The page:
Watchdog Puts Brakes on $430 Hike in California State Bar Dues
SACRAMENTO, Calif. (CN) – Pushing back at the State Bar of California’s request to hike attorney dues by $430, the state auditor on Tuesday recommended the agency instead scale back a planned hiring spree and spread the increase out incrementally.
State Auditor Elaine Howle says the state bar’s proposed 2020 licensing fee increase – which would raise fees on California lawyers for the first time in 20 years – is excessive and nearly $300 more than necessary.
Howle believes the agency came up with the increase in good faith, but miscalculated future operating and staffing costs. The state bar wants to raise annual dues from the current $383 to $813, but Howle says it could get by with dues of $525.
“Although state bar supports its fee proposal with thorough cost projections, which represents a good step toward strengthening its transparency and accountability, we found some costs that state bar could reduce or delay,” the 56-page audit states.
After two decades without mandatory license increases, the state bar says labor and inflation costs have finally surpassed its budget. Its 13-member board of trustees authorized the licensing fee request in March, saying the agency needed a financial boost to catch up on a longstanding disciplinary case backlog and implement several new programs.
The state bar is responsible for licensing California’s 250,000 attorneys and says it processes 16,000 complaints against attorneys annually. The state bar can ask for annual fee increases, but the Legislature sets the figure in the end.
Howle ultimately agrees it’s time to raise annual dues, but she wants lawmakers to settle on a much lower number later this summer.
Included in the state bar’s request are plans to hire 58 new employees to investigate attorneys accused of misconduct. But Howle notes the state bar is in the process of improving and streamlining its disciplinary process and should only need to add 19 new employees.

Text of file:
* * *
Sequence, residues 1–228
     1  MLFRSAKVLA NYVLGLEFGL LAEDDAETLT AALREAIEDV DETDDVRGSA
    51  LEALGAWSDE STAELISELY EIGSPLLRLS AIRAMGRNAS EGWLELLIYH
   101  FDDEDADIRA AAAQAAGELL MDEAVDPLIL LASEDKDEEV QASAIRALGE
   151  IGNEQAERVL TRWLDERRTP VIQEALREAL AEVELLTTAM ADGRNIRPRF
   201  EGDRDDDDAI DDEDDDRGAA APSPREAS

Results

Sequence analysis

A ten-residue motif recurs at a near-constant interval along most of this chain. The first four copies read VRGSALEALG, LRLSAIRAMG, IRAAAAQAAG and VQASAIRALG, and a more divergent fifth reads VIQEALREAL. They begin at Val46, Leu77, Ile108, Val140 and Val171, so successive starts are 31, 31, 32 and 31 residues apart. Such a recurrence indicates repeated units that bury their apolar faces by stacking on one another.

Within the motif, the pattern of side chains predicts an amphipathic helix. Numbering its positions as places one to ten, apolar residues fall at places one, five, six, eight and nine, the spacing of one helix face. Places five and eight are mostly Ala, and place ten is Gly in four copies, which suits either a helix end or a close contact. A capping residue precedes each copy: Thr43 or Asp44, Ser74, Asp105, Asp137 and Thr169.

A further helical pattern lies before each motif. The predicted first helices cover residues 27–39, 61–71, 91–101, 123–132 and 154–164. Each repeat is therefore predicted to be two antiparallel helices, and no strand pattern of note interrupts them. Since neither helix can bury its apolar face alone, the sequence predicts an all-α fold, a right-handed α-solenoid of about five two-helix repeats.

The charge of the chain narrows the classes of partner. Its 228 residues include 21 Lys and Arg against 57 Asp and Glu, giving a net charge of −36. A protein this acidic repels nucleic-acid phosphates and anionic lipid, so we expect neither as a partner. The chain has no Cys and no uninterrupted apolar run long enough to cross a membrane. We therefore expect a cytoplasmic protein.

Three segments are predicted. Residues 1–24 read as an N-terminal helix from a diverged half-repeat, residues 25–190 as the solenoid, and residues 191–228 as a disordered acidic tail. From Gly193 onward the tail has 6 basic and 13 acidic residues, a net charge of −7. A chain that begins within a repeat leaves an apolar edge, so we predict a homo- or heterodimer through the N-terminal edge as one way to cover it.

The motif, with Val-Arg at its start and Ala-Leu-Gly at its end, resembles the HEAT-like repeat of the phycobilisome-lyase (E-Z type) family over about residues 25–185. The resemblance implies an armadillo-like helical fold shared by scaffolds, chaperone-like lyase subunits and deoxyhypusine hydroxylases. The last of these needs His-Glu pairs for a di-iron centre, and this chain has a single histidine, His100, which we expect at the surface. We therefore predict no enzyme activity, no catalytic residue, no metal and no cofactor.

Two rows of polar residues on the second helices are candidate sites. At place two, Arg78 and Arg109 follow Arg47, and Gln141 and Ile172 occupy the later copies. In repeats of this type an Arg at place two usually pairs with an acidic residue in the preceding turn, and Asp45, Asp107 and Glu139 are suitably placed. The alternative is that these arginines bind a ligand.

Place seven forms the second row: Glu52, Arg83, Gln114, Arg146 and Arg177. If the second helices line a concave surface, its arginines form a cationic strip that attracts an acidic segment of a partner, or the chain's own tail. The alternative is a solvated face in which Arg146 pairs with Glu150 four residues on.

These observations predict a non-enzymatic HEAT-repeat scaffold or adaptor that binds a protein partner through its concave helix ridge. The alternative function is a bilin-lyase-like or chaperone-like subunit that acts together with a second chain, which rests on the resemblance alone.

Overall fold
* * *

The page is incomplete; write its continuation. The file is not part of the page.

Along with planned new employee costs, the state bar has tacked on a one-time $250 fee meant to spur information technology and building renovation projects. Howle again says the state bar overestimated and should implement the one-time fee incrementally over the next five years.
“We calculated the effects of these and other adjustments on state bar’s proposed special assessment fee for 2020 and found that a fee of $41 would coincide with projects state bar has scheduled for that year,” Howle said.
Another way to soften the blow on attorneys would be for the state bar to better manage its San Francisco building. The audit says the state bar has entered into below-market leases with tenants and should be bringing in more rental revenue from its headquarters in San Francisco’s financial district to pad its bottom line. It recommends the agency find a new property management firm and lease out portions of the building that are vacant.
As for the Legislature, Howle suggests lawmakers set 2020 dues to $525 and switch to a multi-year approval system instead of the current yearly cycle. She says a multi-year process helps the state bar set its budget and implement long-term projects. Under Howle’s plan, there would be a cap on dues and more opportunity for legislative oversight.
The state has used a two-year system on several occasions in the past but returned to approving fees on an annual basis in 2003.
“State bar’s current annual licensing fee-approval cycle has been detrimental to both licensed attorneys and the public,” the audit states. “Because state bar’s authorization to set the fee would not expire at the end of each year, as it does currently, state bar could anticipate consistent revenue and plan accordingly.”
Leah Wilson, executive director of the state bar, said she agrees with all of Howle’s recommendations.
“We are pleased that the California State Auditor affirmed the need for a substantial increase in the licensing fee, the state bar’s primary source of revenue,” Wilson said in a statement. “We agree with all of the state auditor’s recommendations, and we embrace the auditor’s suggestions for modifying the fee-setting process with multi-year fee bills and a mechanism for periodic adjustments based on current needs.”
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